What’s up with all those billboards asking San Diegans to ‘Eat Differently’?

San Diego is a testing ground for a campaign that has Albert Einstein, Cesar Chavez, Jane Goodall and others featured on more than two dozen signs
Amy Burkman-Eat-Differently Campaign

This article has been written by John Wilkens and reposted from

For more than a month, seven famous people have been staring down on San Diegans.

Cesar Chavez, Albert Einstein, Mahatma Gandhi, Jane Goodall, Steve Jobs, Paul McCartney and Greta Thunberg are featured in a billboard campaign that urges people to “eat differently.”

Differently, as in plants, not animals.

San Diego is the testing ground for the vegan-advocacy project, said Lori Amos, a publicist for Eat Differently LLC, which is a subsidiary of the non-profit Karuna Foundation.

The billboards here — 29 in all — went up in early June. Most will be in place through the end of August, with a handful remaining into early September. The campaign may go to Los Angeles, too, and will culminate with digital signs in New York City during a United Nations conference on sustainable development in September, organizers said.

Amos estimated that Eat Differently is spending “hundreds of thousands of dollars” on the billboards here.

The campaign is patterned after a famous one launched by Apple in the late 1990s that used the phrase “think different.” It, too, featured pioneers from various fields — Thomas Edison, Rosa Parks, Pablo Picasso — and applauded their willingness to upend the status quo.

“Here’s to the crazy ones,” the Apple ads said. That campaign ran for about five years.

Amos said the billboards here are a way of pointing out, “These luminaries didn’t just think differently — they eat differently, too.”

The hope is “that people in San Diego will be inspired” to think about adopting a plant-based diet, she said. Campaign organizers believe eating that way is better for the health of people and animals, and better for a planet threatened by climate change.

San Diego was chosen as the test location because it is “a vibrant city with a forward-thinking, health conscious population that understands the importance of taking steps to combat the global climate crisis facing mankind,” according to an Eat Differently press release.

The city regularly ranks among the most vegan-friendly in the U.S. A WalletHub study last fall that included such metrics as the cost of groceries and the availability of meat-less options in restaurants put San Diego ninth among the nation’s 100 largest cities. Portland was first.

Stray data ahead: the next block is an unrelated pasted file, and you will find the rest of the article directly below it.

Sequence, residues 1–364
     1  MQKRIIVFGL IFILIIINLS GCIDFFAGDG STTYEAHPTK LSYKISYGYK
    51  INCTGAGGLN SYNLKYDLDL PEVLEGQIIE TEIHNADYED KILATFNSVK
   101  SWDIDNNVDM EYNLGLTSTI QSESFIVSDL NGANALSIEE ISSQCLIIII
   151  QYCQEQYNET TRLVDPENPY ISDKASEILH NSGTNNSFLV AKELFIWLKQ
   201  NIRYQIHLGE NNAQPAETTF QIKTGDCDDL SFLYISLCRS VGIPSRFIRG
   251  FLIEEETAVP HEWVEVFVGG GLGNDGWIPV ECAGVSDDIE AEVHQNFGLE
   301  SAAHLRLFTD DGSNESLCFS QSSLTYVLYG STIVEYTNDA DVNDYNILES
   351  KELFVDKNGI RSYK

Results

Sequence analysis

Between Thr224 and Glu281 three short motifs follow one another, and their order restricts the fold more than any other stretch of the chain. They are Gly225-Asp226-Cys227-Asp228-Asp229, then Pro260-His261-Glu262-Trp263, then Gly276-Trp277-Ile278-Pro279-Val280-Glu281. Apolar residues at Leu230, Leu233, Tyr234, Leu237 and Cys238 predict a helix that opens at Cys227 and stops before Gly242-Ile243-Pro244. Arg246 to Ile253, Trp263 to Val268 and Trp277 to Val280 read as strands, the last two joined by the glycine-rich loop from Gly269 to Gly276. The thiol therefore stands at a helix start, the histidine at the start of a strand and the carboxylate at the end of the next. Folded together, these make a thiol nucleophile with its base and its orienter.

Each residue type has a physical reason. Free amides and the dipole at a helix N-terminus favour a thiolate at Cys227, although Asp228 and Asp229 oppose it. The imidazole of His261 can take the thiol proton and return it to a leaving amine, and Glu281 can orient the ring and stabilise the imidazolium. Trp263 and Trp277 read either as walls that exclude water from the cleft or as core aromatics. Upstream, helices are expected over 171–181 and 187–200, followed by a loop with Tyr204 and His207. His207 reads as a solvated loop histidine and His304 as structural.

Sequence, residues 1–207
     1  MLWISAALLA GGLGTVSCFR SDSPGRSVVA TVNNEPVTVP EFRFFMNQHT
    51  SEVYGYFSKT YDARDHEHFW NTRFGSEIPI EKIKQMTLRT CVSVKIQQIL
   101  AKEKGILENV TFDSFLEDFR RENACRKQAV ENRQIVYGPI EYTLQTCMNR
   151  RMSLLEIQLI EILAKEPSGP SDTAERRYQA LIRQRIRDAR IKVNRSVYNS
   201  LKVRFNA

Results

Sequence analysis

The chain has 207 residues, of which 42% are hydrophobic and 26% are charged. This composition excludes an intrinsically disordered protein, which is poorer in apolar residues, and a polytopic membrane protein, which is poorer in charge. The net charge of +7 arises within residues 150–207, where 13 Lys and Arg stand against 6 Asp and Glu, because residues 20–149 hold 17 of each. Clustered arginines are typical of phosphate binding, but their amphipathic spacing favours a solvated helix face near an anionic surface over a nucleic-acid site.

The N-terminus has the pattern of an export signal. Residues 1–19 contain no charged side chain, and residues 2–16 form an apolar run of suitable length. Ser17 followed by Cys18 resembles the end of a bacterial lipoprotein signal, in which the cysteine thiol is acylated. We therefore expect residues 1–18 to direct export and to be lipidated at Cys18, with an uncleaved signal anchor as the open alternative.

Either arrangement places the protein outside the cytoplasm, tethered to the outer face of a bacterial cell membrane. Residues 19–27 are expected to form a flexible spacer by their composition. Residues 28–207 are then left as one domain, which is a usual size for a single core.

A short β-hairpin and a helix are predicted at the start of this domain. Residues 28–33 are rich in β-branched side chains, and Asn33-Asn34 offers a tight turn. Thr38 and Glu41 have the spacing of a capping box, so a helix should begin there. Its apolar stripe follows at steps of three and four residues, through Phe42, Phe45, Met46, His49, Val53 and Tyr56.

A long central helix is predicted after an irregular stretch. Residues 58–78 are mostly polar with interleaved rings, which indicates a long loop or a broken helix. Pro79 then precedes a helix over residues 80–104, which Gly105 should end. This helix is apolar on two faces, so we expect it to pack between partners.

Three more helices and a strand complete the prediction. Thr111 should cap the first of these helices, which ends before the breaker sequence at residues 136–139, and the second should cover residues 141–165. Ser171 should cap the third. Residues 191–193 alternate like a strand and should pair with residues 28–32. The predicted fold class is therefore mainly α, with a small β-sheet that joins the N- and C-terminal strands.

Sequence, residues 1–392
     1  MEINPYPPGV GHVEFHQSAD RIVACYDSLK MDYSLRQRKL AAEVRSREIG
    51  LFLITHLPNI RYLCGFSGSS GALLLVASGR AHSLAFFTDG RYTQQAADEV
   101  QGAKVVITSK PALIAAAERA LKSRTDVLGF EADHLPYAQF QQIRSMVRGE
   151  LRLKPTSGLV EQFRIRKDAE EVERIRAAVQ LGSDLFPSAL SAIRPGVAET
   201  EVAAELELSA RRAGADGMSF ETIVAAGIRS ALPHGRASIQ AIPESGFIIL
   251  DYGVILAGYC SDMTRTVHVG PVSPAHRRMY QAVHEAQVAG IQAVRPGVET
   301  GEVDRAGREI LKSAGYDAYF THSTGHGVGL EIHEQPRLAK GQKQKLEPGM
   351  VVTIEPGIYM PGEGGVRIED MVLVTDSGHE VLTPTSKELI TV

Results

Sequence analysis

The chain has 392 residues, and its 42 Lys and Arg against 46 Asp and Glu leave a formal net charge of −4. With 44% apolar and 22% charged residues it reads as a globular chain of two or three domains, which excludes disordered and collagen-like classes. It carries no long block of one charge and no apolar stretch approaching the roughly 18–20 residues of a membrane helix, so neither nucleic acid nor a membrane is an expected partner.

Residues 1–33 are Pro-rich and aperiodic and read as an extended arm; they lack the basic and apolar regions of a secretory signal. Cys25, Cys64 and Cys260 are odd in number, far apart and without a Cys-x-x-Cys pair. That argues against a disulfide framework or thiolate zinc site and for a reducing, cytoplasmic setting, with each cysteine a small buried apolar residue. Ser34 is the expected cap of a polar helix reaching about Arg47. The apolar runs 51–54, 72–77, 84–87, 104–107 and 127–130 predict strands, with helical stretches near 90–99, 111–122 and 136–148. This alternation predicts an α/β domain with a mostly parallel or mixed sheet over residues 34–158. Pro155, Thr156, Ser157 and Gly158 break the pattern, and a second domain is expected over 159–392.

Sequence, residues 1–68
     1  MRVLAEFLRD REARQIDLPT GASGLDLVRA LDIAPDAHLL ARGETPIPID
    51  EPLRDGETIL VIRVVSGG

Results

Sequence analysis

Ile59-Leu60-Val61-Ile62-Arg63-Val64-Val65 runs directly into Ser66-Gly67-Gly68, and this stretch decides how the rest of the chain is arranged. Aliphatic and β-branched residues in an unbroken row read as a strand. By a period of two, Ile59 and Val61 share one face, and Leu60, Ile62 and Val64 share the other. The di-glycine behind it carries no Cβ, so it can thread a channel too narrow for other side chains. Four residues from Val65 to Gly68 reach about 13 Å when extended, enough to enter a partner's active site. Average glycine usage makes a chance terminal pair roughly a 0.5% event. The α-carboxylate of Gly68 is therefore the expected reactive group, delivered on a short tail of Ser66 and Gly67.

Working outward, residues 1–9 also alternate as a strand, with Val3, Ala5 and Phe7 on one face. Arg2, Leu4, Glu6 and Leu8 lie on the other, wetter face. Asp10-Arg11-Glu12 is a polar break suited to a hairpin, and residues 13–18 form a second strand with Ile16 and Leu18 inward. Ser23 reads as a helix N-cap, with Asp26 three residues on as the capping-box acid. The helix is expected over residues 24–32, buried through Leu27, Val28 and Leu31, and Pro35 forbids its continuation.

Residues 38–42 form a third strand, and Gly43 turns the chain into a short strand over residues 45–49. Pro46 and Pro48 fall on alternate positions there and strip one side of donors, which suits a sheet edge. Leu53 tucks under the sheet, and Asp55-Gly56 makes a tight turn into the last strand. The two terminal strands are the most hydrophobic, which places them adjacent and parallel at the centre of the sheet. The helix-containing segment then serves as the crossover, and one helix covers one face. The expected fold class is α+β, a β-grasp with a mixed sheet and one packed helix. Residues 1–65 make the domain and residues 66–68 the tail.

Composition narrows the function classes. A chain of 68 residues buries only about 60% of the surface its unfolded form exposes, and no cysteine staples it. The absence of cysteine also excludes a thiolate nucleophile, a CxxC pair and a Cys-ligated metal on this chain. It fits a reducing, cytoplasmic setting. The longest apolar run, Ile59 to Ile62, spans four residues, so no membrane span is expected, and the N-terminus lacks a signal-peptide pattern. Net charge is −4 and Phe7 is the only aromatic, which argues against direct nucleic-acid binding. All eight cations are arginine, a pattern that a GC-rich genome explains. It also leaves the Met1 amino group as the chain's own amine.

The billboards are dominated by head-shot drawings of the seven famous people, done by artist and animal-welfare activist Amy Burkman. All are considered public figures and “have been vocal and/or passionate about eating a plant-forward diet,” according to the campaign.

Alongside the faces are short sentences that speak in some way to that person’s legacy.

Cesar Chavez: “His diet was equally revolutionary.”

Paul McCartney: “Let it be meat free.”

Greta Thunberg: “Tomorrow is counting on you.”

Amos said response to the campaign has been mostly favorable, as measured by comments sent to the Eat Differently website, which has information about plant-based diets and the advocacy efforts.

One person thanked the organizers for giving her hope about the future of the planet, Amos said. Another reported being inspired by the billboards to contact local school officials and ask them to make changes to cafeteria menus.

A negative comment came from someone who “took umbrage with reducing Cesar Chavez down to his diet, which was clearly not our intent,” Amos said.

Reaction elsewhere has been more divided. A City News Service story about the billboards, posted on two local news sites last month, drew comments that ranged from “Great idea!” to “Perhaps you vegetarian zealots, who are among the most annoying people in the universe, should just simply mind your own business and eat plants if that’s what you want to do.”

Billboards have a long history of being provocative — that’s one of the ways they get people to read them. San Diego has had its share of controversies, including one sign that went up downtown in 1989 criticizing the city’s failure to provide a memorial to slain civil rights leader Dr. Martin Luther King Jr.

“Welcome to America’s Finest a) city; b) tourist plantation; c) Convention Center,” the sign read.

Ten years later, another billboard sparked alarm but turned out to be a radio stunt. “Sell Your Baby,” it read, with a phone number that connected callers to something called Exchange International.

In some ways, San Diego is a surprising choice for a new billboard campaign, given the city’s documented distaste for what it calls “visual clutter.”

In 1972, the city passed an ordinance that banned virtually all outdoor advertising. Billboard companies took the legal fight to the U.S. Supreme Court, which struck down the law as an unconstitutional infringement of free speech.

The ruling forced the city to adopt revised regulations that keep in place existing billboards — there are less than 600 now — but restrict new ones based on community aesthetics and traffic safety.

As a result, San Diego is considered a model for other communities trying to limit the use of billboards.



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